Many modern appliances, including dishwashers, refrigerators, range hoods, and toaster ovens, come with sleek stainless steel finishes. But while the material may be “stainless,” it isn’t completely scratch-proof, and after years of wear and tear, it can start to look a little dull.
The good news is that it’s not difficult to restore stainless-steel surfaces to their former glory, especially if you have the right materials and products.
Here’s how to get scratches out of stainless steel and few of our favorite scratch repair products.
Top Stainless Steel Repair Products
Assess the Damage and Gather the Materials
Are you dealing with light, minor scuffs or deeper, visible
What You Need for Small Scratches
For fine scratches and less significant nicks and dings, all you need is a non-abrasive, stainless-steel scratch remover compound, which will work to fill in the fine lines and smooth out the surface.
There are effective products on the market made just for this purpose, such as 3M Super Duty Rubbing Compound, Bar Keepers Friend, and Rolite Metal Polish. You can also try common household products, such as non-gel toothpaste or baking soda. In addition, you’ll need several microfiber cloths for applying and removing the compound.
What You Need for Deep Scratches
For tougher scratches, it may be necessary to rub them out with an abrasive pad. You’ll need a scouring pad or scrubbing sponge, plus some cooking oil (olive oil works well). There are also kits on the market, such as Rejuvenate Stainless Steel Scratch Eraser Kit and Scratch-B-Gone, which contain all you’ll need to remove deeper scratches.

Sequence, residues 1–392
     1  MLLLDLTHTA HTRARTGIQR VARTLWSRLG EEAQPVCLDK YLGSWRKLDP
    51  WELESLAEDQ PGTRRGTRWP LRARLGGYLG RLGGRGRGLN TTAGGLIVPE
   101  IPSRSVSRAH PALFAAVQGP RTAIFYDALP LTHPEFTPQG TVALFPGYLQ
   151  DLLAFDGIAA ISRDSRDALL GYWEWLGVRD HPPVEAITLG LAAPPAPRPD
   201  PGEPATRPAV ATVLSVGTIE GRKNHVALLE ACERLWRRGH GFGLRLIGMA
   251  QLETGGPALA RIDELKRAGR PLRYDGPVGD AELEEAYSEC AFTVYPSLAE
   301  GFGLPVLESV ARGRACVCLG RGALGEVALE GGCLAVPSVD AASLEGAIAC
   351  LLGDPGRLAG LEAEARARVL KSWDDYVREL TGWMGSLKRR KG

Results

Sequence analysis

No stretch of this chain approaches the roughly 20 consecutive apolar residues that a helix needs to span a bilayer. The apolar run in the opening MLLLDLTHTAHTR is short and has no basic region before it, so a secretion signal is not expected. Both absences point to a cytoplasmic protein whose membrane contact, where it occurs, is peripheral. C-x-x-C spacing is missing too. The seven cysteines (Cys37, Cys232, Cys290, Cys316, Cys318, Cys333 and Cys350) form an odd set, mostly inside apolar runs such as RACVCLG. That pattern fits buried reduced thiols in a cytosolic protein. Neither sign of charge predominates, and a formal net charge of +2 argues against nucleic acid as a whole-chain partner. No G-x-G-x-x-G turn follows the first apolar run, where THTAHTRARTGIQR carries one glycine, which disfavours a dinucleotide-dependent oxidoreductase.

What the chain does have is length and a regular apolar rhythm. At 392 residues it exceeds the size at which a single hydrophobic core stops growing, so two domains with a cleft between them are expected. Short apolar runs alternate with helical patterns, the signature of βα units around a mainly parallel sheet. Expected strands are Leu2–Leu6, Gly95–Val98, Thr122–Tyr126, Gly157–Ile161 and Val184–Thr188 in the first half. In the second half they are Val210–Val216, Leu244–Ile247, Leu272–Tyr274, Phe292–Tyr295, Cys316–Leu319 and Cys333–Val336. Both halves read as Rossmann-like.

Keep in mind, however, that this technique should only be used on uncoated stainless steel; if the metal has a protective clear coating or synthetic surface, you’ll end up doing more harm than good. Check to see what you have in your owner’s manual.
Determine the Direction of the Grain
No matter how deep the scratch you’re trying to erase, you’ll want to work with the grain of the stainless steel. Take a close look at the metal and you’ll see very fine brush lines going either side to side or up and down.
Follow these lines while you’re working; don’t rub perpendicular to them or in a circular motion. Going against the grain can actually cause more damage to a stainless-steel surface.
How To Fill In Small Scratches
If you’re dealing with light scratches, start by preparing the non-abrasive compound. Some come in powder form, which you will then combine with water to form a paste at home. Others scratch removal compounds come as pre-mixed, ready-to-use pastes.
You can also use common household products as DIY scratch removers. For instance, you can apply gel-free toothpaste right out of the tube, or create a paste by mixing baking soda with water.
Once you have your scratch buffing product, proceed with scratch removal process by following these steps:
- Make sure the surface is completely clean of dirt, dust, and food particles.
- Then dab a small amount of the compound onto a clean cloth and rub it continuously over the scratch. Work gently, and in the same direction as the grain.
- After a few minutes, use a fresh, damp cloth to wipe the compound off and examine your progress. If necessary, polish again with more compound until the desired results are achieved.